I Am Not Anonymous: Ellie, ‘Come With Me’

EllieTextBlog-1024x682A Story from the excellent I Am Not Anonymous website is long overdue. Here is Ellie’s Story“:

‘When I was drinking, my life was ruled by shame.  It’s exhausting, living a double life. On the outside I was a put-together, active, intelligent woman.  I made sure my outside always looked okay, so nobody would look too closely at what was really going on, at my dirty secret.

Inside, I was a crumbling mess.  I felt less-than, unworthy and insecure.  I strove for perfection in all things, which of course is unattainable, and this left me feeling empty and ashamed.

I drank to fill the cracks, the emptiness.  I drank to numb out, escape.  I drank to feel okay with myself.  I found myself in my late thirties, a shell of a person, hollow and feeling desperately alone, even though I had a beautiful family, a job, and people who loved me. 

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‘Is Depression Who I Am or What I Have?’ by Douglas Bloch

In this video, author and depression counselor Douglas Bloch talks about separating your feelings about being depressed from your sense of self worth.

The role of GPs in the recovery process

I’m pleased that the RSA have been involved in advocating for recovery-based care over the past few years. Here’s a film they produced in collaboration with the SMMGP in 2012.

‘We set out to make a short film for local GPs and other primary care practitioners featuring local people in recovery talking about their positive and negative experiences of approaching their GPs for help.

It fast became a much more ambitious pilot thanks to the collaboration with the Substance Misuse Management in General Practice – SMMGP – which recognised the potential for this film to be an engagement tool for GPs beyond those at the two project sites.

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I Am Not Anonymous: Lauren’s Story, ‘Will To Bear Discomfort’

LaurenText-1024x682(pp_w1000_h666)I’m starting 2015 with some powerful writing from the I Am Not Anonymous website.

‘When I walked into the door to rehab in early 2008 at the age of 29, I was given a lengthy input questionnaire. I decided it was time to be honest for once.

There was just one question I had to leave blank. I pondered it for the better part of a day and kept returning to it with no decent answer.

What is spirituality? I didn’t have a clue. I reluctantly left it blank. By the time I left rehab almost three months later to return to the life I had left, I had a much better understanding of what spirituality was and how it could help me.

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Classic Blog: ‘The Four Walls’ by Mark Ragins

rsz_markHere’s some great earlier writing on recovery from Mark Ragins, who set up The Village in California. This is what recovery is about!

‘In 1989, the California State Legislature authorized the funding for three model mental health programs, including the Village Integrated Service Agency in Long Beach, in part to answer the question, “Does anything work?”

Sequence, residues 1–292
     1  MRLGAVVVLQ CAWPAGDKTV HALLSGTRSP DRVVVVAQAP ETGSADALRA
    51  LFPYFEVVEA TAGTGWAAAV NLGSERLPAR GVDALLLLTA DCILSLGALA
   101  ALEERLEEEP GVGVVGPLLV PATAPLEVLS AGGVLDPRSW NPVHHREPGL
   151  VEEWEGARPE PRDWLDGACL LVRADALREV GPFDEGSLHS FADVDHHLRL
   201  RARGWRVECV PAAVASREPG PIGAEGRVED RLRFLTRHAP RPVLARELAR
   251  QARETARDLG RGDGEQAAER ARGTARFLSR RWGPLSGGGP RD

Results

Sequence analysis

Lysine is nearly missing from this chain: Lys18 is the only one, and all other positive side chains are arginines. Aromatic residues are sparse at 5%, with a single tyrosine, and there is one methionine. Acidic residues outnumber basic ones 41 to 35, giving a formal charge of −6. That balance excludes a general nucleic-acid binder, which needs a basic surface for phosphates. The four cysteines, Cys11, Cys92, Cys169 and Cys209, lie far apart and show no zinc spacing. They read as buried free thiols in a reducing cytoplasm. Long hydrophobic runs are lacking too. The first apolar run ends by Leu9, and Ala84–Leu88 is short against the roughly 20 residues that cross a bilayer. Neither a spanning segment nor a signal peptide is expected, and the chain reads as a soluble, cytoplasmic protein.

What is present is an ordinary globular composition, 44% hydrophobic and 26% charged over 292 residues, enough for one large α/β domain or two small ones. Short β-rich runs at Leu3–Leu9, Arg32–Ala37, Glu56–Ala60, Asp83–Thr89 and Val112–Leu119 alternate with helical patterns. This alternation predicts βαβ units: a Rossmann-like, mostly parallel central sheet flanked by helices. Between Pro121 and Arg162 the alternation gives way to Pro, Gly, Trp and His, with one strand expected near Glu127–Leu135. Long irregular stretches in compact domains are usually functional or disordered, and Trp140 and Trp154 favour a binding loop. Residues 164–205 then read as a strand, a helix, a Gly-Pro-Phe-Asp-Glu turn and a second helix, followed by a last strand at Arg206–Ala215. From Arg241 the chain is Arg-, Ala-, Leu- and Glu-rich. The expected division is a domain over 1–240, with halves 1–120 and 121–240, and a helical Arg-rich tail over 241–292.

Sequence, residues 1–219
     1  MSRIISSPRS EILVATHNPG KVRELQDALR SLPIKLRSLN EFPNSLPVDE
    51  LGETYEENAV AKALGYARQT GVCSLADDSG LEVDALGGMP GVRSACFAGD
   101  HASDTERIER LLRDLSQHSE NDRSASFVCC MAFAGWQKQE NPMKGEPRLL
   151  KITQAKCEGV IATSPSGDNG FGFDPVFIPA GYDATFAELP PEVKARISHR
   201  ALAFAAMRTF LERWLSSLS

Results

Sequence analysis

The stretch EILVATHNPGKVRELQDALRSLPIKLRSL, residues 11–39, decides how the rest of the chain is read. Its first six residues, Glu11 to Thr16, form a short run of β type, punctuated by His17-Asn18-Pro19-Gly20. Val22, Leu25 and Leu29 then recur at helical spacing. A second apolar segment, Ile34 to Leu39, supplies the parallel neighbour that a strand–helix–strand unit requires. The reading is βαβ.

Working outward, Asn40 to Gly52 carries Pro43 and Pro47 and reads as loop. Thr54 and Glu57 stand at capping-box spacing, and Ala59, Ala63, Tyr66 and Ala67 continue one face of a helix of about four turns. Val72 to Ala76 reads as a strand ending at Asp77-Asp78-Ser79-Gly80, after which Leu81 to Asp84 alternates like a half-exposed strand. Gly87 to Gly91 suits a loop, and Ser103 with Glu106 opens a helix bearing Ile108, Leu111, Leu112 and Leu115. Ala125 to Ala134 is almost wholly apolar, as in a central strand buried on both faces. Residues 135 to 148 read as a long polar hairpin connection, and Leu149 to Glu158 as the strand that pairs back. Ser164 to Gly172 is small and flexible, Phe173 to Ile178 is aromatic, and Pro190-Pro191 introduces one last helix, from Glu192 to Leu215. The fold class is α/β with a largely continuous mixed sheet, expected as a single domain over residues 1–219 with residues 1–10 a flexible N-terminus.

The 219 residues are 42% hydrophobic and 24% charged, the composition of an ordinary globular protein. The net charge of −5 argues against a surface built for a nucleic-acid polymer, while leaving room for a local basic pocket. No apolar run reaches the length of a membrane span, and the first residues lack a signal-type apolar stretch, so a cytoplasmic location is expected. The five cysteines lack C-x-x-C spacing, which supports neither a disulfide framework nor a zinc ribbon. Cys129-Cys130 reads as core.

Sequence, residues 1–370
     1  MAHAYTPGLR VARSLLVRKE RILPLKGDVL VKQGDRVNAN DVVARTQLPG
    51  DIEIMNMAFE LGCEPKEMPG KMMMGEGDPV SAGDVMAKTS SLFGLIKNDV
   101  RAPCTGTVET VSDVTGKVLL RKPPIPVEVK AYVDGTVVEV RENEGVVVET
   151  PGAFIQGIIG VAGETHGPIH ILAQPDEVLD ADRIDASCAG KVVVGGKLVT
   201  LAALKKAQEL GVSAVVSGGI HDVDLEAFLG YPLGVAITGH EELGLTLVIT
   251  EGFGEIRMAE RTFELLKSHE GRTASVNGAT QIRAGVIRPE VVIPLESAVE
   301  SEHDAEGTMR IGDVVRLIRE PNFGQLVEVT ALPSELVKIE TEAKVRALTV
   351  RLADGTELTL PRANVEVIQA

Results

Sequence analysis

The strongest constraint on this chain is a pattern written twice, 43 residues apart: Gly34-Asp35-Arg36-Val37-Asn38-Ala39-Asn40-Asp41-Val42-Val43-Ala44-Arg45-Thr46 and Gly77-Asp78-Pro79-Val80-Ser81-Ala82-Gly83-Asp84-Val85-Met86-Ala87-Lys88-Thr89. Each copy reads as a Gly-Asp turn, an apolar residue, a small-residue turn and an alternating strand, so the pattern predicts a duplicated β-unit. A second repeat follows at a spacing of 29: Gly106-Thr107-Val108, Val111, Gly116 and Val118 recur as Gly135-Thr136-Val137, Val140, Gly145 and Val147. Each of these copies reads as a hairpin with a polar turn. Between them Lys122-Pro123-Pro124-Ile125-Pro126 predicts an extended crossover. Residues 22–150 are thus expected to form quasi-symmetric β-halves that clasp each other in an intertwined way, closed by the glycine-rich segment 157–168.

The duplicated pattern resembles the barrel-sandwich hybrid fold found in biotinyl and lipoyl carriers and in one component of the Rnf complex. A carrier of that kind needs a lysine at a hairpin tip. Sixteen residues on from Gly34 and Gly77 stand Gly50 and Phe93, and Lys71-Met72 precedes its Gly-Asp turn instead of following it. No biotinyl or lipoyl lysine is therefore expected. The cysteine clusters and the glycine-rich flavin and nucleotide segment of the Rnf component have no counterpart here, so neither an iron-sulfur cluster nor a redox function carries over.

We created a radical departure from traditional mental health services basing our entire system on psychosocial rehabilitation principles, quality of life outcomes and community integration. Arguably, we have created the most comprehensive, integrated and effective recovery based mental health program anywhere.

In recent years, encouraged by our success, both our attention and the legislature’s have turned to the further question of “How can our whole system be more like the Village?” Undoubtedly, there are numerous serious beaurocratic, funding, and system design issues relevant to that question, but I would like to focus on the personal issues staff must face.

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‘A Discussion of Labels, Part One: Disability’ by Melissa Bond

mbondI’m very wary of labels in health. Here’s a great blog and beautiful writing from Melissa Bond on the Mad in America website on labels.

‘When my son was born six years ago, the word “disabled” was suddenly all around me. It came from everywhere – the nurses, the doctors, the physical and occupational therapists, friends and family.

I remember looking into his ice blue eyes and so marveling at the lines of white that extended so symmetrically from his irises that I began calling him Star Boy. I felt a new mother’s sense of protection. The label surrounding my Star Boy was a smoke so thick I felt I could barely breathe.

Disabled. My boy with an extra chromosome was disabled. He wore a label that expressed negation, a subtraction. He was defined by the world at large by the Latin prefix denoting “apart,” “away,” or “having a privative and reversing force.”

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‘Stigma Reduction Through Recovery Contact’ by Bill White, Tom Hill and Greg Williams

Silence PosterMore insightful writing from Bill White and colleagues.

‘Debates continue on whether the stigma attached to persons experiencing alcohol and other drug (AOD)-related problems has a positive or negative social effect on the nature and magnitude of these problems.  Stigma promoters argue that public castigation of excessive AOD users prevents such use at a cultural level and exerts pressure for AOD deceleration/cessation among those with AOD problems.